In addition to impairing your ability to learn and remember, lack of sleep seems to cause a raft of health problems, including weight gain, high blood pressure, and an increased risk of heart disease.

6. Manage your space

Doing a lot of study also means a lot of time in one place – probably at your desk. Even if we set aside the potential damage to your spine of working in a slumped position, spending a lot of time in bed or on the sofa just seems to make it harder to switch off social media or to resist the allure of Netflix.

To be efficient, you need to treat study like a job. Have a decent set up: enough space to spread out, tools that are fit for purpose (including your computer, calculator, textbooks), and a good chair. Make sure you’re warm or cool enough, that you have enough light to work. Put up your favourite photos. You want the space to feel comfortable, welcoming, and yours so that when you’re there you feel calm and positive.

7. Use your calendar properly

Successful students always know when tasks are due and when to start them so there’s no last minute panic. You can achieve this by making good use of your calendar or planner.

Mark when an assignment is due or an exam is scheduled, and then work backwards to when you need to start your prep. Some students use a colour code to prompt the appropriate sense of urgency. If they plan to start drafting an essay two weeks before it’s due, they’ll colour the first week in their calendar a soft pink and the second week a steady gradation to bright red.

8. Take advantage of feedback

Educational thinkers and researchers all pretty much agree that feedback is the “secret sauce” of learning. The best feedback is not just retrospective, it also tells you where you should focus your energy moving forward so that you learn from your mistakes and know how to replicate your successes.

Don’t just focus on the marks your teacher gives. Make sure you read his comments and advice. If you don’t receive any useful feedback, ask for it.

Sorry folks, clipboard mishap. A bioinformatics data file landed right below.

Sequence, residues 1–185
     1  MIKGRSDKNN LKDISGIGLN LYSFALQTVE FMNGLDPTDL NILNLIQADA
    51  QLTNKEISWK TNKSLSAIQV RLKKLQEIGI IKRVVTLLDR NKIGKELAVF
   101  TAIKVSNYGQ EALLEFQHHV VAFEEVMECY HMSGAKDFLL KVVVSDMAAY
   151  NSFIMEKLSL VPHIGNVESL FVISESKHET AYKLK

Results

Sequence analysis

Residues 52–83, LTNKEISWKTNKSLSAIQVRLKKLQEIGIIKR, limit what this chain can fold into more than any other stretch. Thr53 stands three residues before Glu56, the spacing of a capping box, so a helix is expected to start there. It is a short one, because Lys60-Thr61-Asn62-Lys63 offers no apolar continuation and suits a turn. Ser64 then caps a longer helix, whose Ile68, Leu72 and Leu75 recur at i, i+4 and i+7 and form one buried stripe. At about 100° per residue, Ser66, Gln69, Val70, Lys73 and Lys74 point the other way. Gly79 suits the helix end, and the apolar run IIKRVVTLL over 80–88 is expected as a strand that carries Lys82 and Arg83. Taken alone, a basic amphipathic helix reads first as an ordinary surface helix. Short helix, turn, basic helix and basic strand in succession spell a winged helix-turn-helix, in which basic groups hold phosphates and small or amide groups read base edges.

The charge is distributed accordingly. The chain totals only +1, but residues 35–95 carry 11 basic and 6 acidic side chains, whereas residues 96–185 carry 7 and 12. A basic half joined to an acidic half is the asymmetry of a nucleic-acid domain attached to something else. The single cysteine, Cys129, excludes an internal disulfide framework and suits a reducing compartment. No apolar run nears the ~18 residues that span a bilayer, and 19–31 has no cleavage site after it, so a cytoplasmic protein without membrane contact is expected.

If your teacher is happy to read drafts, take advantage of her generosity. But don’t ask her to read your essay the night before it’s due. For meaningful revision and learning, you’ll need to allow time for feedback and to make necessary changes to your draft (see our point above).

9. Read the question

It might sound obvious, but successful students carefully read questions before they answer. It’s easy to read a question superficially and conclude you can’t answer it or substitute it in your mind with a question you’d prefer to answer. It’s surprising how often this happens.

The best way to ensure that you’ve read and understood the question is to underline the important words. Start with the verbs which tell you the kind of answer you need to provide (“discuss”, “compare”) and the main concept that you need to analyse, such as the relationship between Romeo and Juliet, or the feelings the Montagues and Capulets have towards each other. Paraphrase the question, starting with “This question is asking me to analyse the relationship between Romeo and Juliet.” By rewriting the question with the focus on what you have to do, you’ll be more likely to engage with it thoroughly (and correctly).

10. Ask for help

Successful students know that they don’t have to go it alone. Finding a genuine learning partner – possibly a friend, or teacher – means that you always have someone with whom to test your ideas, and who can give you meaningful, relevant and timely advice.

When you don’t understand how to tackle those Maths problems, or you’re struggling to start that essay, they’ll listen to you carefully, help you see what’s confusing you, and patiently help you back on the right track. We all need a little bit of expert help to give us the confidence to keep going.


Dr Selina Samuels
Chief Learning Officer

BA(Hons), LLB, PhD, MEd